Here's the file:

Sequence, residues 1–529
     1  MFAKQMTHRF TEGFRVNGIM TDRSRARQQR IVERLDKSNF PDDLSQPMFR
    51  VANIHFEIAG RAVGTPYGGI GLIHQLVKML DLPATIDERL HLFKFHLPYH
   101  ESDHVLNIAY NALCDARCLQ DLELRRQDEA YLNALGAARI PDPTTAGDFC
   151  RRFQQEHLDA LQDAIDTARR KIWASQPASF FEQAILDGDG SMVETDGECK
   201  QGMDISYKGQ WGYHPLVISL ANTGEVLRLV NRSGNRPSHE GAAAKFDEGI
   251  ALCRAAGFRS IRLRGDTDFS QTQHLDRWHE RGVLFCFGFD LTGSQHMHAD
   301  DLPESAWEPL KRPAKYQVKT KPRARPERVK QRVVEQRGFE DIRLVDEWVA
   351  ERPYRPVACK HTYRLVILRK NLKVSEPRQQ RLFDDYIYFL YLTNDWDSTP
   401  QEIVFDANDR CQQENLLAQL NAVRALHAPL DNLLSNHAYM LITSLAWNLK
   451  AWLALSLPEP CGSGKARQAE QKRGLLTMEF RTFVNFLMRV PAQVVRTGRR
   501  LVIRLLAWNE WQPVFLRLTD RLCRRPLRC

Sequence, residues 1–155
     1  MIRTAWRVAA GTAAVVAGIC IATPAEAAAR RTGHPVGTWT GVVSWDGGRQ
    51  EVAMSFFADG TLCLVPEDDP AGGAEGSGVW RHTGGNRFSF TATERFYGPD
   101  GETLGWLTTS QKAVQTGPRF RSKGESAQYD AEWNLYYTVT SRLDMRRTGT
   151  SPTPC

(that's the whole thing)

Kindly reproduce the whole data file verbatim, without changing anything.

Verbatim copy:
Sequence, residues 1–529
     1  MFAKQMTHRF TEGFRVNGIM TDRSRARQQR IVERLDKSNF PDDLSQPMFR
    51  VANIHFEIAG RAVGTPYGGI GLIHQLVKML DLPATIDERL HLFKFHLPYH
   101  ESDHVLNIAY NALCDARCLQ DLELRRQDEA YLNALGAARI PDPTTAGDFC
   151  RRFQQEHLDA LQDAIDTARR KIWASQPASF FEQAILDGDG SMVETDGECK
   201  QGMDISYKGQ WGYHPLVISL ANTGEVLRLV NRSGNRPSHE GAAAKFDEGI
   251  ALCRAAGFRS IRLRGDTDFS QTQHLDRWHE RGVLFCFGFD LTGSQHMHAD
   301  DLPESAWEPL KRPAKYQVKT KPRARPERVK QRVVEQRGFE DIRLVDEWVA
   351  ERPYRPVACK HTYRLVILRK NLKVSEPRQQ RLFDDYIYFL YLTNDWDSTP
   401  QEIVFDANDR CQQENLLAQL NAVRALHAPL DNLLSNHAYM LITSLAWNLK
   451  AWLALSLPEP CGSGKARQAE QKRGLLTMEF RTFVNFLMRV PAQVVRTGRR
   501  LVIRLLAWNE WQPVFLRLTD RLCRRPLRC

Sequence, residues 1–155
     1  MIRTAWRVAA GTAAVVAGIC IATPAEAAAR RTGHPVGTWT GVVSWDGGRQ
    51  EVAMSFFADG TLCLVPEDDP AGGAEGSGVW RHTGGNRFSF TATERFYGPD
   101  GETLGWLTTS QKAVQTGPRF RSKGESAQYD AEWNLYYTVT SRLDMRRTGT
   151  SPTPC